We have great news for you: after a long break due to the epidemic, our courses can now be visited again. Printa workshop leader Dániel Varga-Bálint leads the thematic courses, who started the season with a new mini-collection of his own. In today's article, we present Bálint's new collection and water-based screen printing in a little more detail.
THE NEW MINI COLLECTION
Dániel Varga-Bálint joined Printa in 2018, then as a trainee. In 2019, he graduated from the KREA School of Art, majoring in graphic design, and from 2020 he is the head of the Workshop. We welcomed his first joint collection with Printa in October 2020, the continuation of which has now arrived: a four-piece mini-collection that also explores human relationships.
"The hand that reaches out, takes what it wants, what moves when it wants. The individual, as he sees himself when he is with someone else, and is he an individual when he is with someone else. Other begins where I end, or do they have something in common? In summary, the relationship and connection between two people, and the questions that arise in this, which occupied me during the work."
The collection consists of four different prints that form a harmonious whole. With APHRODISIAC and MEADOW posters you can decorate your surroundings, and AMPHORA and BALCSI t-shirts can add color to your wardrobe.
All samples available in Printa are made by hand using water-based screen printing. Our courses are built one by one around this, thematically. But what exactly is water-based screen printing, and what are the arguments in favor of water-based ink?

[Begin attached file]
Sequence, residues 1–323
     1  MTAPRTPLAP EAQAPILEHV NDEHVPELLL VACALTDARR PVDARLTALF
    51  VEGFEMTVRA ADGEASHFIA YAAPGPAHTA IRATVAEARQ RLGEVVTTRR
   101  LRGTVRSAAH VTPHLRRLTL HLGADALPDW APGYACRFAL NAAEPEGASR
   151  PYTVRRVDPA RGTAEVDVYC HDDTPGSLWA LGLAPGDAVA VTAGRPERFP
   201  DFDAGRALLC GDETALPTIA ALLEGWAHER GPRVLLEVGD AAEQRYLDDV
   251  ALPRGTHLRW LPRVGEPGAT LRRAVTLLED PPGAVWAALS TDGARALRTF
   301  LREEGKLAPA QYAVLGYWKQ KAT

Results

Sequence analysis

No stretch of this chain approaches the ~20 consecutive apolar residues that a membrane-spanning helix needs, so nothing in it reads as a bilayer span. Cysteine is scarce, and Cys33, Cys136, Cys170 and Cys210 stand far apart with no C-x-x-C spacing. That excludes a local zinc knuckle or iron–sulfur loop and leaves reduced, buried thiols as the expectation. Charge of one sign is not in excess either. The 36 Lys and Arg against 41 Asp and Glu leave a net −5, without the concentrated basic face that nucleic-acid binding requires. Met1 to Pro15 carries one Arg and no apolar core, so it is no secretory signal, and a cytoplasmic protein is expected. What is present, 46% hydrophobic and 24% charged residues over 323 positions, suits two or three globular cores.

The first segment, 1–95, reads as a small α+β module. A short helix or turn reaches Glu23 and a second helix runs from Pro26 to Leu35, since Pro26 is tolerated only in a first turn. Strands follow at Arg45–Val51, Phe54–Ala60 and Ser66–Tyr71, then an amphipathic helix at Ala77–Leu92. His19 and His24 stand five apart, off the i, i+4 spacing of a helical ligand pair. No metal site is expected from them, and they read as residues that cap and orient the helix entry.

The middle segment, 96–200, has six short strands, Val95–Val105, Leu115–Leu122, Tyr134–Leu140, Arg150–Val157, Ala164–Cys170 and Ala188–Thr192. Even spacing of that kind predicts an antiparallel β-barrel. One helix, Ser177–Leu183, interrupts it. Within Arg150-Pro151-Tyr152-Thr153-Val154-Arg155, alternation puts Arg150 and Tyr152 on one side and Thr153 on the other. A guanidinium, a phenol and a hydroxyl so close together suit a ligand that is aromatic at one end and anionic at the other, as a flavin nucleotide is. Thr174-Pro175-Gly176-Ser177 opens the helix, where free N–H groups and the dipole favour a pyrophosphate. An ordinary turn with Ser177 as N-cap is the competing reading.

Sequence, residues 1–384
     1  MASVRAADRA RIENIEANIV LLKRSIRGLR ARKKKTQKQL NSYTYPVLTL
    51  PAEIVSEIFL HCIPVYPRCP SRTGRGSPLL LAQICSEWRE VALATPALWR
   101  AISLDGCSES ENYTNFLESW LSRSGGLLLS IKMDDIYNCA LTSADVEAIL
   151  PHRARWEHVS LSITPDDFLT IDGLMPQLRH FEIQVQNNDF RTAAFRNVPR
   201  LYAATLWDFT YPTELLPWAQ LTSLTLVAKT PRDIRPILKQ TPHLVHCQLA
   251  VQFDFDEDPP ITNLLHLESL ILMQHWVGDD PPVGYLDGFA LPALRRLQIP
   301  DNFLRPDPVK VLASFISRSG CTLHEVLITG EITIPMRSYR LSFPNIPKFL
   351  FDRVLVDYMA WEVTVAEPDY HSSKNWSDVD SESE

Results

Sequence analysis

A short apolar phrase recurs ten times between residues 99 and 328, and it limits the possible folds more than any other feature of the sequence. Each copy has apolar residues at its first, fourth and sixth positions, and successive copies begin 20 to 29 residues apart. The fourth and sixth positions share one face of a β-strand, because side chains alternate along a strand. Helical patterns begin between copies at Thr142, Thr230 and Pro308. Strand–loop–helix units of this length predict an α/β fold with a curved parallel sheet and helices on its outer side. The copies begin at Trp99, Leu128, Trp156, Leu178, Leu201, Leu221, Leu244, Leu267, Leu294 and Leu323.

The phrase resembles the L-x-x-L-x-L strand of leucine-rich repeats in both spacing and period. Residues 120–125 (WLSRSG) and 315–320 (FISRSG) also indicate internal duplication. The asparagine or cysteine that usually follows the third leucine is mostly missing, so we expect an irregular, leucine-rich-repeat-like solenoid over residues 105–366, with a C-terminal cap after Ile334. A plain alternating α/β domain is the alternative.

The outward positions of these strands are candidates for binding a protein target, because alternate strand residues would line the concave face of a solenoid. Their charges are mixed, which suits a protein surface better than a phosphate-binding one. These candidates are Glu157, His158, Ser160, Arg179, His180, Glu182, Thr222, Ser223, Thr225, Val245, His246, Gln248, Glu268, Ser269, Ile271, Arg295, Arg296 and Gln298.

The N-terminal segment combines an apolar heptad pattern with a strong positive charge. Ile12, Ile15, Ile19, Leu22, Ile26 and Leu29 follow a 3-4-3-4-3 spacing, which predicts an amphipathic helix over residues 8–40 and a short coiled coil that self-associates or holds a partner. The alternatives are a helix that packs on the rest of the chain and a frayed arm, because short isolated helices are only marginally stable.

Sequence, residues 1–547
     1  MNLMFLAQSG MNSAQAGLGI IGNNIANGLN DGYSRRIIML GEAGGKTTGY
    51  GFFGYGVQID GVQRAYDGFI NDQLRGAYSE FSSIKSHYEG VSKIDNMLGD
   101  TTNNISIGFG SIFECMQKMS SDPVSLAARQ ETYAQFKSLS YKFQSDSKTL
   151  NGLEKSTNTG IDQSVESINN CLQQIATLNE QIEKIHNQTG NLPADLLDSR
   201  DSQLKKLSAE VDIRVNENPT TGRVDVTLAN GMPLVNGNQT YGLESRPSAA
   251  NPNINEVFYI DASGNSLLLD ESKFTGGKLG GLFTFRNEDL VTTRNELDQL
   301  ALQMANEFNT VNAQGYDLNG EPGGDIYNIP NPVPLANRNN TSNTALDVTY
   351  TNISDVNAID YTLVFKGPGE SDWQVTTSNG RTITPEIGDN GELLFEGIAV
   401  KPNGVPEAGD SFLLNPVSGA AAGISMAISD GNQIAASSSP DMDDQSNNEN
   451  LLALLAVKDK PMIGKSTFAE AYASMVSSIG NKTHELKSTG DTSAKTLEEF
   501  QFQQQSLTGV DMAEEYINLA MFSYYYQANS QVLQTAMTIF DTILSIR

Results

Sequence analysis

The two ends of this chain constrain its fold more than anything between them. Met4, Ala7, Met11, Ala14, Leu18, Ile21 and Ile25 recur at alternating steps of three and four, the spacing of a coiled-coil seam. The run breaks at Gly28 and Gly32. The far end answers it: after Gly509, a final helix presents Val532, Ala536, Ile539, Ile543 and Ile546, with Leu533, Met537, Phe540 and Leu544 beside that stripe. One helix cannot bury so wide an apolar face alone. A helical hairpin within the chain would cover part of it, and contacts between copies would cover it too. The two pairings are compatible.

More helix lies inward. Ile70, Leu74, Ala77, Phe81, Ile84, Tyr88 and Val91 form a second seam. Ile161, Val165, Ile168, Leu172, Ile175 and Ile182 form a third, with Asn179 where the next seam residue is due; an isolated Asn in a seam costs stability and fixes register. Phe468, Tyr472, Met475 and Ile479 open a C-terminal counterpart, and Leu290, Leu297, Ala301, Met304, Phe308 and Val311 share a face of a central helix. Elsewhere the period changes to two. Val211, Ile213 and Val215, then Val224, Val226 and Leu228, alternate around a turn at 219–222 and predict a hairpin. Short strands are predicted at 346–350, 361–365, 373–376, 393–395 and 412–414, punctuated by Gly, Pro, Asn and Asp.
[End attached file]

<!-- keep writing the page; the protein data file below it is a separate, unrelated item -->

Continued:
THE SCREEN PRINT
Screen printing is the process of transferring a pattern to a smooth surface (using water-based paint only on paper or textile), and the finished pattern is made durable by "ironing" at a high temperature. This method can be used to create high-quality, sharp (if the pattern so desires) and vivid patterns in an environmentally friendly way. During the courses, Bálint introduces you in detail to the secrets of screen printing, from the first step to the post-treatment, and you can also go through the steps with his help.
A: paint, B: printing knife (rakle), C: screen fabric (e.g. gauze), D: wax surface, E: wooden frame, F: the screen print
There are two broad categories of paints: plastisol and water-based. The first is a plastic-based paint that "sits" on the chosen textile, while the water-based one is a more environmentally friendly choice and is absorbed into the given fabric, so the result really looks as if the material was hand-dyed. That is why water-based paint leaves behind a light, soft print, so the material remains comfortable to the touch and wear, while heavy, full-bodied patterns can be made with plastisol. Water-based paint is also more durable, but it may show uniform fading after many washes and regular use.
Another important aspect is the "breathability" of the material. Because the water-based dye is absorbed deeper into the fabric, most of the openings between the fibers remain open. This allows water-based prints to ventilate more than plastisol prints, which tend to clog these tiny gaps.
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